An Old Head!

Nearing the big '40' is not always the easiest thing to face up to and even more so when you have just recently changed your career path! After leaving school I attended college to do a secretarial course and ended up working in an office for more than 15 years. After feeling in a bit of a rut for many years, I decided to follow the path of beauty and holistic therapies. I packed up my desk and made for the bright lights of yet another college to complete my 2 year HND Beauty Therapy course. Thoroughly enjoying the course albeit quite stressful at times, I took my newly acquired qualification and had a hard think as to which path I wanted to take.

After trying my hand at some mobile work for a while to keep my hand in, I then decided to accept a job in a day spa not far from where I lived. Full of excitement but also with a little trepidation, I embarked on my new found career path. I loved spending time with my clients, men and women, of all ages and enjoyed imparting a little bit of my own wisdom onto them in order to help them improve their health and well-being in general. Unfortunately what I didn't like was how much of my time with my clients was dictated by the ticking clock in the treatment room!

I do realise that every spa or salon is somebody's business and money has to be made but it makes you wonder if one of the most important aspects in this industry is being pushed more to the side in order to make more money. Having time for your client, listening to them, giving them proper advice and really connecting with them, to me, seems just as important if not more to giving an excellent treatment.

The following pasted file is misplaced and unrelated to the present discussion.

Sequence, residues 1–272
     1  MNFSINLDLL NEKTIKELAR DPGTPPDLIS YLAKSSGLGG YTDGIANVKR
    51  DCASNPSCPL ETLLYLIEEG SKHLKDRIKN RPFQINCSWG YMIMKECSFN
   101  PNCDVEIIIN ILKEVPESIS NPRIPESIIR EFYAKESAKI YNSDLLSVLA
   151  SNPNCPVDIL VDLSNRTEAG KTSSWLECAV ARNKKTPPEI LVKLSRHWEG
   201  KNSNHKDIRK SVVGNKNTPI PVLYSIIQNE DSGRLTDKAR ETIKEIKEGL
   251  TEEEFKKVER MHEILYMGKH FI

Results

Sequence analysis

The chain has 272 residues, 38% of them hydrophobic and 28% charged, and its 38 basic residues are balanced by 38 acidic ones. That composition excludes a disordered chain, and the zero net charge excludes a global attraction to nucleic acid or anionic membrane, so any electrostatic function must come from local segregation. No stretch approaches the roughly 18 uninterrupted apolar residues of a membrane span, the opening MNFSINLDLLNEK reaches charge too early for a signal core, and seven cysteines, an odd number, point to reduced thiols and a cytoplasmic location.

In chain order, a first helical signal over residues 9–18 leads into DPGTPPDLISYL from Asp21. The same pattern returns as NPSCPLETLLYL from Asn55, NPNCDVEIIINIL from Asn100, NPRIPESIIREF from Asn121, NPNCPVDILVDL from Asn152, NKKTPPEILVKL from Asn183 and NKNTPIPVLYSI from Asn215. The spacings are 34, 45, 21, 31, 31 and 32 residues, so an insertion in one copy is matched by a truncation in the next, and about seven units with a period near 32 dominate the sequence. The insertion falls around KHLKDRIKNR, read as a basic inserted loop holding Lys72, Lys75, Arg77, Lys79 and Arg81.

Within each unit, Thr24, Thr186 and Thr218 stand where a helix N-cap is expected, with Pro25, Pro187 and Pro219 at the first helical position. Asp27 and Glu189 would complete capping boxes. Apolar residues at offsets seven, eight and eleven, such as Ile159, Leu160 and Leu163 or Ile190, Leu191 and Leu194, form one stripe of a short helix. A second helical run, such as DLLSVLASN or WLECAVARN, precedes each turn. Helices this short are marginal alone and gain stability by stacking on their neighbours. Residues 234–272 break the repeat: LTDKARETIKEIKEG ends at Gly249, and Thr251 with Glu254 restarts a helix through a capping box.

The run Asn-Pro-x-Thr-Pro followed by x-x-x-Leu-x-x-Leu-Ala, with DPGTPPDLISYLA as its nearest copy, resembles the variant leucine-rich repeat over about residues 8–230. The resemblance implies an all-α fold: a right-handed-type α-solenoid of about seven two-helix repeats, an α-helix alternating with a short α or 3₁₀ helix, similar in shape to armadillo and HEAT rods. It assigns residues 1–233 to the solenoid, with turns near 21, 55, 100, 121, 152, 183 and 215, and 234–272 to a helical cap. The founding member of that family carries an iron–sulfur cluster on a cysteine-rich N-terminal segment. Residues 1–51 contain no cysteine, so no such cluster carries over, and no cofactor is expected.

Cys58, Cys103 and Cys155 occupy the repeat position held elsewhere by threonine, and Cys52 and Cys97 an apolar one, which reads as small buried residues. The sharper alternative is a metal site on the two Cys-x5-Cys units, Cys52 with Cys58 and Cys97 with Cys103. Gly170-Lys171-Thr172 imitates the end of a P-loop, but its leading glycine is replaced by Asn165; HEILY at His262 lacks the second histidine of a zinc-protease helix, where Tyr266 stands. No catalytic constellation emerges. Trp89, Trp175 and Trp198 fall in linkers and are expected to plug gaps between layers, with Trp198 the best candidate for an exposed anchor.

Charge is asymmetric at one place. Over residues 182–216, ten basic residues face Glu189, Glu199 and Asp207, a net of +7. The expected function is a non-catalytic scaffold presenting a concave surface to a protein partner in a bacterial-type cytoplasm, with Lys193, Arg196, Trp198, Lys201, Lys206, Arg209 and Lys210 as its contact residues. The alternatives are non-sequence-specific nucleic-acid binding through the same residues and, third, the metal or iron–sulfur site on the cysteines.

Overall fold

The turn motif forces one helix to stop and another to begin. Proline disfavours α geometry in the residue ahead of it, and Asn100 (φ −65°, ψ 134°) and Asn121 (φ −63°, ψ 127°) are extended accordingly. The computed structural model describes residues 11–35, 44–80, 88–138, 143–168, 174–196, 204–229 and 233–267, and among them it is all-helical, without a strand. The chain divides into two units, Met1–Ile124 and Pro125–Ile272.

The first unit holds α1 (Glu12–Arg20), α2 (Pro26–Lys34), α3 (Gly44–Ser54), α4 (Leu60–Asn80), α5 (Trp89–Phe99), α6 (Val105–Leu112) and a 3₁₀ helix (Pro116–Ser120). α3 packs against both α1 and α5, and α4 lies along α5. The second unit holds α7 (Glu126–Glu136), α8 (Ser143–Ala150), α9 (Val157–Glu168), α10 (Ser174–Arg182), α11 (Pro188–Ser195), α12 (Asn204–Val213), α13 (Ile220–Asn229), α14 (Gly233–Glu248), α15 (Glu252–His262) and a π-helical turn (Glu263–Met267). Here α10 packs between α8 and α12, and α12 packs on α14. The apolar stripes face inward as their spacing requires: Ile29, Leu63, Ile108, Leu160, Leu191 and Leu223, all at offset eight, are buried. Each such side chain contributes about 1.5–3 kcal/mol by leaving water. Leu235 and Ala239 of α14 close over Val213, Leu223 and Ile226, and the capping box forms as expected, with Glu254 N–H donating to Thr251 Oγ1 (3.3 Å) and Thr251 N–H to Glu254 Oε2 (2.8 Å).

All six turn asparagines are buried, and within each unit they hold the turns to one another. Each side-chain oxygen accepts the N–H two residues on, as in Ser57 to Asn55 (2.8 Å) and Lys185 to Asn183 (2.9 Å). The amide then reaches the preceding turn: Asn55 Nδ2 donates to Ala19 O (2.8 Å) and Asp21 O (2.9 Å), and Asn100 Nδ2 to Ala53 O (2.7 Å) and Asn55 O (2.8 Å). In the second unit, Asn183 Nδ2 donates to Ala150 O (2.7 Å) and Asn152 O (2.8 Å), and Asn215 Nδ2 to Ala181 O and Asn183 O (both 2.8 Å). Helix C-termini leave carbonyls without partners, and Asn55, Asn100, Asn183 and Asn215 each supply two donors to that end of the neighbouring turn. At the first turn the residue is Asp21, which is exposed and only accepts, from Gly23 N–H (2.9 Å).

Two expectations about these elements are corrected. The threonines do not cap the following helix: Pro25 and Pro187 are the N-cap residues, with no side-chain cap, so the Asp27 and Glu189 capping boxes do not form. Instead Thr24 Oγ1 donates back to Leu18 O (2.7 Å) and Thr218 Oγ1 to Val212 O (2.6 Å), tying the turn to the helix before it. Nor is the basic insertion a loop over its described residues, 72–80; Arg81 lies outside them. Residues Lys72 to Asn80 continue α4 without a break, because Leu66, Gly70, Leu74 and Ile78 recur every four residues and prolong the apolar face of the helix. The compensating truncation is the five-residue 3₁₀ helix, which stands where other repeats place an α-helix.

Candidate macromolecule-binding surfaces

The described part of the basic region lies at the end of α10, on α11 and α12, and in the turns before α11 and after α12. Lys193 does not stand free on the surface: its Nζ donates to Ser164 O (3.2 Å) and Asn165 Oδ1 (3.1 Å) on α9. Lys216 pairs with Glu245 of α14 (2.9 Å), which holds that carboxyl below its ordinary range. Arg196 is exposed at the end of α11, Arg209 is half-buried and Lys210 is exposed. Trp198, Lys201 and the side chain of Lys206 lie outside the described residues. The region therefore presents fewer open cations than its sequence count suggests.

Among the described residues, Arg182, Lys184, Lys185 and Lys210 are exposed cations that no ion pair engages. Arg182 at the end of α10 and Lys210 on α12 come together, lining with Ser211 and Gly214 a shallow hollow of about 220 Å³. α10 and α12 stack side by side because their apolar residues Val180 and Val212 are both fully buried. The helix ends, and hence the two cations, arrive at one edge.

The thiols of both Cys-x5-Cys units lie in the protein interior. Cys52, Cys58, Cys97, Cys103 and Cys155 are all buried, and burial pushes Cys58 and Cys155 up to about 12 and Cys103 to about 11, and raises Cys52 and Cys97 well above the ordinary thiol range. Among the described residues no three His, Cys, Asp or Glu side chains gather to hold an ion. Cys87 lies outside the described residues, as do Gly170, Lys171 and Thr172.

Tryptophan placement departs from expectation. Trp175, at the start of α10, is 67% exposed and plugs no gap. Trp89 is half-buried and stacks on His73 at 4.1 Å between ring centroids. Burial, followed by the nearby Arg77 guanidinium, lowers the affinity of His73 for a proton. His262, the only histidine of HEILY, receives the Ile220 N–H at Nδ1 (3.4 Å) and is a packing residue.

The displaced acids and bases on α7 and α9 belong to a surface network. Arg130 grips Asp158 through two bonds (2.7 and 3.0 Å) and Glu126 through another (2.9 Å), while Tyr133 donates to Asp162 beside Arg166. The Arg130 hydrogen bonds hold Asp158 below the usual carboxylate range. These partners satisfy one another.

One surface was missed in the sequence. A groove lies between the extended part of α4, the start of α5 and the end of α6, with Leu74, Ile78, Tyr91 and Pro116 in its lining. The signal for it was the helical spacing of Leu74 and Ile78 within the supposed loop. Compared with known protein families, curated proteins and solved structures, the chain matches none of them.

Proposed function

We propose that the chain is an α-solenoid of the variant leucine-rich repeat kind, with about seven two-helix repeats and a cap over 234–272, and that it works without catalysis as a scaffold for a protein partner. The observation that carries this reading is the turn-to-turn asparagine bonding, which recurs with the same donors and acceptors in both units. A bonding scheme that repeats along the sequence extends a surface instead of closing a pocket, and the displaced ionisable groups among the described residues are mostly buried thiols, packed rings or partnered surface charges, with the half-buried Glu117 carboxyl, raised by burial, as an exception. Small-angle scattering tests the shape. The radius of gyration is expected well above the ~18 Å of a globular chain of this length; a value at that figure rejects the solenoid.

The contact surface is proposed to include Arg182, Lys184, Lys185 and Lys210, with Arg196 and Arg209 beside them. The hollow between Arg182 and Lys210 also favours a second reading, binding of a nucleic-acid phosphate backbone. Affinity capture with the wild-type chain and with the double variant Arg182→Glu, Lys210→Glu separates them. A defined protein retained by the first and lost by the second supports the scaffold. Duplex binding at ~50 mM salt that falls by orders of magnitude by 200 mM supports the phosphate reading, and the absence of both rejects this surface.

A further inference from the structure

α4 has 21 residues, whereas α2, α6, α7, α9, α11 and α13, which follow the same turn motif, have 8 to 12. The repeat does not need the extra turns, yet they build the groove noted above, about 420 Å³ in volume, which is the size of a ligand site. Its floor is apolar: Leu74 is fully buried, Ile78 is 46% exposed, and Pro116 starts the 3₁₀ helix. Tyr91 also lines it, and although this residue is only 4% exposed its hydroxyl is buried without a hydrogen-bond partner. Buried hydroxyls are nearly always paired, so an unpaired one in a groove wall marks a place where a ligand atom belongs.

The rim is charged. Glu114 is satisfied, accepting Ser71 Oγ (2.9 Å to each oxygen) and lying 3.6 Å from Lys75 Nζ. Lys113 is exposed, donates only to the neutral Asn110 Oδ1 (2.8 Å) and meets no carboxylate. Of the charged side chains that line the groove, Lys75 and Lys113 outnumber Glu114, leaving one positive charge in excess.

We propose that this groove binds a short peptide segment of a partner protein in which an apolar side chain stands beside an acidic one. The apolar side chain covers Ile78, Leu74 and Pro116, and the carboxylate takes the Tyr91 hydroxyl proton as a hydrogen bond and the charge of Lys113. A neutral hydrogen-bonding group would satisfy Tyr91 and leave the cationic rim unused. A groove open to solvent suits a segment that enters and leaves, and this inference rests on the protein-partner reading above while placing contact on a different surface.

There seems to be a lot more younger people starting off in this industry than people of my own age group and who I feel do not have as much life experience under their belts. Don't get me wrong, I do strongly believe there are many excellent therapists out there who are a lot younger than myself and can bond with their clients very effectively. However, do they really know the right things to say and when to properly listen to what the client is saying?

The art of communication is perfected through time, from years of dealing with a variety of people from differing backgrounds and in different situations. This is when I wonder if an 'older head' may be even better when dealing with our clients of today. As many people know, clients are wiser and more aware of what they want and in today's stressful climate, they want to feel pampered, safe and whisked away from their hectic lifestyles, even if it's only for half an hour!

During consultation, in my experience, also seems to be the time when clients open up a little more to you, the therapist. This can be a stress release for themselves, being able to vent their feelings to a total stranger but one in a caring profession. There is of course a line you do not cross where empathy can turn to sympathy and we all know, as therapists that professionalism remains throughout the client's time in your services.

Wouldn't it be so much more rewarding if more time was to be set aside to really make a massive impact on the client's visit? If more therapists concentrated a little more on improving their communication skills, not only would businesses benefit from more repeat clients but the treatments supplied by the therapists could have a more profound effect on the client as a whole.

Are we too wrapped up in making money to take a step back and realise that the client is the important factor in our industry?

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